The Astoria Studio: Eastern Service Studios, Inc. (1933–1941) | Read Series Introduction
Posted May 21, 2020 | Barbara Miller, Director of Curatorial Affairs
After Paramount left in 1932, Western Electric’s ERPI (Electrical Research Products, Inc.) began operating the Astoria Studio as a rental facility. With the goal of marginalizing their chief rival, RCA, ERPI offered independent producers financing in exchange for a commitment to work on sound stages outfitted with Western Electric systems. This investment plan helped to bring Paul Robeson to the screen in The Emperor Jones (1933); allowed noted Hollywood screenwriters Ben Hecht and Charles MacArthur the opportunity to direct; and provided work for actors, writers, and producers who embraced the chance to work outside of the Hollywood studio system. Throughout the 1930s the Astoria Studio stages were busy with a mix of slapstick comedies, newsreels, musical shorts known as “soundies,” corporate films, documentaries, and Spanish-language musicals.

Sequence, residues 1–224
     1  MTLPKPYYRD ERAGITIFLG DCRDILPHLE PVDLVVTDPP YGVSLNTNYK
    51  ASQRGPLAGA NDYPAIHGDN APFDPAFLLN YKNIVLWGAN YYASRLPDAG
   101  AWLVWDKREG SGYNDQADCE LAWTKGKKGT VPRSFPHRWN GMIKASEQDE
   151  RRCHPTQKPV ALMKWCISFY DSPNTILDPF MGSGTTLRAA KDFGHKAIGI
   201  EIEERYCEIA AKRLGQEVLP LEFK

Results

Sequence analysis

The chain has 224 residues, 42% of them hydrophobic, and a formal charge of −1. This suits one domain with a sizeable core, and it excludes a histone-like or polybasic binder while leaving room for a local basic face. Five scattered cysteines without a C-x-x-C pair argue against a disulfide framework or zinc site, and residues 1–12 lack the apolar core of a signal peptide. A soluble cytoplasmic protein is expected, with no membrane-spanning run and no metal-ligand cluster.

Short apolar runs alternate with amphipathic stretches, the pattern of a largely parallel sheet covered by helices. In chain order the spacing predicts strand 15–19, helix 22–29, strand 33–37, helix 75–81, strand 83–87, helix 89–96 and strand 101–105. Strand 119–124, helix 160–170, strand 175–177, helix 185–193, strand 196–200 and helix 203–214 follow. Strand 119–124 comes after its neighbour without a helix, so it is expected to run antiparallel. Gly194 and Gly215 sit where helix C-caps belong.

Click on the images below.